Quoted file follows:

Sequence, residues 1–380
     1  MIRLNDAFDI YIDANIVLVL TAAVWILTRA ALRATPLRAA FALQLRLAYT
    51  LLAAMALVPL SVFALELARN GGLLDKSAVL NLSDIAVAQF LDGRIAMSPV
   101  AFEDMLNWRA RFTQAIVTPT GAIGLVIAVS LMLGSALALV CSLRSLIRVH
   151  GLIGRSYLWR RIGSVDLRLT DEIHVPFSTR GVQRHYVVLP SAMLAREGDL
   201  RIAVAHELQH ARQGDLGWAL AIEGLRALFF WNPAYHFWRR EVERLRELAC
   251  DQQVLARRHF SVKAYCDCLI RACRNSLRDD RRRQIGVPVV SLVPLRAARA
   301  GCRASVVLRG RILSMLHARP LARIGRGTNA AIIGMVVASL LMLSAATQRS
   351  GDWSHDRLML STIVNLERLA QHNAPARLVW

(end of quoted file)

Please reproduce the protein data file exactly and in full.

Sequence, residues 1–380
     1  MIRLNDAFDI YIDANIVLVL TAAVWILTRA ALRATPLRAA FALQLRLAYT
    51  LLAAMALVPL SVFALELARN GGLLDKSAVL NLSDIAVAQF LDGRIAMSPV
   101  AFEDMLNWRA RFTQAIVTPT GAIGLVIAVS LMLGSALALV CSLRSLIRVH
   151  GLIGRSYLWR RIGSVDLRLT DEIHVPFSTR GVQRHYVVLP SAMLAREGDL
   201  RIAVAHELQH ARQGDLGWAL AIEGLRALFF WNPAYHFWRR EVERLRELAC
   251  DQQVLARRHF SVKAYCDCLI RACRNSLRDD RRRQIGVPVV SLVPLRAARA
   301  GCRASVVLRG RILSMLHARP LARIGRGTNA AIIGMVVASL LMLSAATQRS
   351  GDWSHDRLML STIVNLERLA QHNAPARLVW